I’ve seen the Bluecoats twice already, once during the opening season cinecast and once in Pittsburgh. I wasn’t sold on the performance or concept after the cinecast, but, to be honest, I wasn’t sold on any of the performances from that. The Pittsburgh performance got me very excited, especially with all the craziness that horn line plays throughout the show. Seeing the show again in Grand Rapids made me a complete convert. The opener, Radiohead’s Creep, makes me melt right away when the low brass comes in on their first notes of the show. Deus Ex Machina has the corps split into four groups, what Michael Gray describes as “quadraphonic sound”, as each group performs their own piece of the musical pie, creating a great audio effect which will get even more awesome as the season progresses. It’s the closer, Harvest, where the fun really begins. The tuba section finds a way to outdo their feature from last year’s show, while the baritones take the subtitle of the piece, “Concerto for Trombone”, seriously, making their horns growl and scream. The percussion started the season very strong and are contenders for High Percussion at Indianapolis in August. The question for me is the visual, something which held the corps back last year and is still not scoring near the top corps at this point in the season. I also expect the ending of the show to get more meat, once again like last year, as it currently feels like the end of a piece and not just of the show.
A corps which has made great use of pop/rock music over the past few years is Carolina Crown. Looking at their reps from the past decade, you see music from Queen and the Rolling Stones along with more standard drum corps icons like Copland and Bernstein. This year’s show, Rach Star, mixes some of those rock music selections with that of Rachmaninoff. You’d think this was a stretch just to make a play on words with the show title, but it works incredibly well. The pre-show features the percussion section, along with help from the horns and guard mosh pitting and crowd surfing on the field. The horns crowd surf a piano player to his place in the pit, something I never thought I’d see or write about in the drum corps activity, but then he starts playing, and you realize that this kid is hella talented and why Rachmaninoff was chosen for this show. The show officially begins with the horns belting out Bohemian Rhapsody, a classic from the Crown rep, before moving into Rachmaninoff’s Symphonic Dances, last performed by Phantom Regiment in 1995. Even during the classical portions of the show, there are elements of rock added, including a drum set break at the end of the opener. The drum line, who already had a drum solo of sorts during the pre-show, gets an official one during Paint It Black. The percussion has plenty of beats to play, a Lee Beddis trademark, and it will be interesting to see how well they clean it up during the season. The ballad is a medley of the opening of Bohemian Rhapsody and Rhapsody on a Theme by Paganini, giving the horns a chance to show their range at quieter dynamic levels. The closer is Emerson, Lake, and Palmer’s Piano Concerto #1, which is a drum corps staple in its own right ever since Blue Devils brought it to the field in 1985, and is a personal favorite of mine. I should mention that the visual program is exactly what you’d expect from Crown, with high speed pass throughs and mayhem throughout. If Crown can get this show clean, it will be a contender come Indianapolis.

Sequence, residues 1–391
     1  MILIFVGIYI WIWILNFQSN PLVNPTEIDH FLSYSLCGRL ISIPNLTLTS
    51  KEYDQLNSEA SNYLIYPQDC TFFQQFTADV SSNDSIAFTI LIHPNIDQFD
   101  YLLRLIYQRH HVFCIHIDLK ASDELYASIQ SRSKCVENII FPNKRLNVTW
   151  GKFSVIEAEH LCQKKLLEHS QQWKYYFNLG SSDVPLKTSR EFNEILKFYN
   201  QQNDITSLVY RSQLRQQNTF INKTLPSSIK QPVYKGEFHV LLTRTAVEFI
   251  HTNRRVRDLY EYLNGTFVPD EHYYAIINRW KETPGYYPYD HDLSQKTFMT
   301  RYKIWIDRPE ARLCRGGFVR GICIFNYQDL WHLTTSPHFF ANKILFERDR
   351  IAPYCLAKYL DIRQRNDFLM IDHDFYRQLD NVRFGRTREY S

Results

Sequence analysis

Then again, the Cavaliers may have something to say about that. When you have a show featuring multiple sections playing while upside down, you’re definitely winning the crowd. That happens a lot in XtraordinarY, an obviously play on the all-male aspect of the corps. The show also focuses on the song Nature Boy, both with samples played from the pit of the David Bowie rendition of the song and as the ballad of the show near the end. The horns have really kicked up the intensity in 2011. During the Cavaliers’ title years of the past decade, the horn line, while incredibly in tune, was often criticized for playing with less volume (or more control, depending on who you asked) than their competitors. That is not the case this year, as the horns are felt as much as heard throughout the show. The percussion, who started all of this upside down madness at the beginning of the season with the tenor line, is another Mike McIntosh special and is currently the front runner for top honors in August. The guard gets the award for most interesting prop use in 2011 as, at one point, multiple members are walking on stilts and carrying large shaman-like staffs. I don’t know what that’s supposed to signify, but outside of the kitsch factor, I’m not sure the impact is what the corps wants. That’s really my only complaint with this show, though, as the Green Machine is running on all cylinders at this point in the early season, taking all but one sub-caption en route to a first place finish by more than three points over Crown and Bluecoats.